[EDIT: jar with code is here: http://hexara.com/pfaudio121212.jar
Notes on usage are on post #5 of this thread.]
I’ve restarted the project of putting together a simple sterep audio mixer. So far, it supports volume and panning settings for wavs and clips. Output is to a single stereo SourceDataLine.
My hope is that if this java code sits on top of something like libgdx, it can route this line to whatever it is that Android supports for playback, making it look to Android like a single outgoing wav or something. (Haven’t tested this yet. Am in process of learning my way around Linux–have Ubuntu now–and plan to set up an Android emulator there in the next week or two.)
Unlike the previous version, this one never processes a frame (sample) of sound from a track unless it is the current frame. I iterate across the tracks and only read one sound sample from each, rather than a buffer’s worth. There were doubts expressed that this would cause all sorts of performance problems, but tests seem to indicate all is fine. Last night, I ran 16 wav files simultaneously, and in another, 32 simultaneous clips all at different pan positions. No problems to report.
I basically have a wav wrapper and a clip-type wrapper supported so far. The clip is in two parts: a class that stores the clip data in RAM, and another that manages a set of cursors for multiple playback. There’s a nifty non-blocking queue used for storing cursors that are ready to play (when they finish, they are re-entered into the queue automatically).
clip.play(speed, volume, pan); // of course, there is some setup first
speed is a multiplier–for example 2 will play the sound twice as fast, 0.75 will slow it down some (no I didn’t support negatives–but it should be quite easy to add, actually, just a matter of adjusting the start point to the end of the clip!)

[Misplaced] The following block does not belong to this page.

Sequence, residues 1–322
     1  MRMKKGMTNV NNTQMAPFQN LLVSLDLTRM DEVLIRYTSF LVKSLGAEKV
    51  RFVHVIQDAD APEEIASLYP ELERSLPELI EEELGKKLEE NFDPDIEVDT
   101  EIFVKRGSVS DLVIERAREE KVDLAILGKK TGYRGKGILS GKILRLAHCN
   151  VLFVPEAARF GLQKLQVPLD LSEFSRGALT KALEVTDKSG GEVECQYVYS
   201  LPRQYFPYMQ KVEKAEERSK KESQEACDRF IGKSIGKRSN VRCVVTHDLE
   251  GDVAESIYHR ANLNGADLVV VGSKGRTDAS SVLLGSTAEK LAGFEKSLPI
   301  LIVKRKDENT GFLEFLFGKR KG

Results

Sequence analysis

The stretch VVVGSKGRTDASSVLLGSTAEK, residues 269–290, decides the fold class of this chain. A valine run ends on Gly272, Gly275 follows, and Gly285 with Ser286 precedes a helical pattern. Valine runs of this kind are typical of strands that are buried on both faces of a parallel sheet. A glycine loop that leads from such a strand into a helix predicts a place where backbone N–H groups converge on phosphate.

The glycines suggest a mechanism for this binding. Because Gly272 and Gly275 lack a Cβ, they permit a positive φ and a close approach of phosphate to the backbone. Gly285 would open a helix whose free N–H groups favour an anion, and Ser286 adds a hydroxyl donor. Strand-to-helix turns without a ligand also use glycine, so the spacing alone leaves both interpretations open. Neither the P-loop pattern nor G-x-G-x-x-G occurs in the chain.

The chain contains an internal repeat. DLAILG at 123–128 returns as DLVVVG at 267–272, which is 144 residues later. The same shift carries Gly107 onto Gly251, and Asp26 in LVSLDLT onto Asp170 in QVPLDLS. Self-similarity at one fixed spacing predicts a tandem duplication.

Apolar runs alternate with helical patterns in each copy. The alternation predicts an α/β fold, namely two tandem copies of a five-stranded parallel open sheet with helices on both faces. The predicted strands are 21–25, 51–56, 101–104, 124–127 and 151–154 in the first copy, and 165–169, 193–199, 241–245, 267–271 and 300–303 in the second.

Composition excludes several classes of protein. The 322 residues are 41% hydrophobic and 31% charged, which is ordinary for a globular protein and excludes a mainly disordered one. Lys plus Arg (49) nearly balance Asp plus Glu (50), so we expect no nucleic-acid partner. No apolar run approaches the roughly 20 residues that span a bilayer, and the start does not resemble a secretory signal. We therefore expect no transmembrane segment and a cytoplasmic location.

volume goes from 0 to 1, a multiplier. (I plan to add a VolumeMapping function so that 0.5 actually sounds like it is at half volume.)
pan goes from -1 to 1, with 0 as center.
All the tests have been using Thread.sleep() increments to space things out and the response is pretty good, probably fine for most game applications. There is a bit of variability that is probably directly related to the size of the cpu slices. I wouldn’t want to use it for reading a musical score that requires playing a series of clips in perfect time. I just started working on an event-reader that is accurate to the frame (e.g., 1/44100th of a second). Will report progress on that. It makes use of nsigma’s advice to handle these events in a single audio thread shared with the mixer, to avoid blocking problems.
No support for ogg or mp3. If you want to load an ogg or mp3 into RAM though, for clip playback, that should be easy to add.
Biggest drawback is perhaps that I haven’t written in the ability to add or drop tracks yet while the mixer is running. Currently,the mixer iterates through all tracks for each frame, skipping those that are not “running”. But once the audio-event-reader works, it should be doable to add this as part of that process.
Reinventing the wheel, again. There are a lot of great audio tools already in existence! But I want something for my games and that can play my Java FM synth sounds, and I want to learn about audio programming.